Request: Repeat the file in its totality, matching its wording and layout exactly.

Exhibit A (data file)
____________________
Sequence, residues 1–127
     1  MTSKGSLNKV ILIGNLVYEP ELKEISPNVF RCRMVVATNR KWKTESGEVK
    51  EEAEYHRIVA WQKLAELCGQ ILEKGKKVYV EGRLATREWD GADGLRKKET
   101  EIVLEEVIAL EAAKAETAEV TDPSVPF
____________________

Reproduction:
Sequence, residues 1–127
     1  MTSKGSLNKV ILIGNLVYEP ELKEISPNVF RCRMVVATNR KWKTESGEVK
    51  EEAEYHRIVA WQKLAELCGQ ILEKGKKVYV EGRLATREWD GADGLRKKET
   101  EIVLEEVIAL EAAKAETAEV TDPSVPF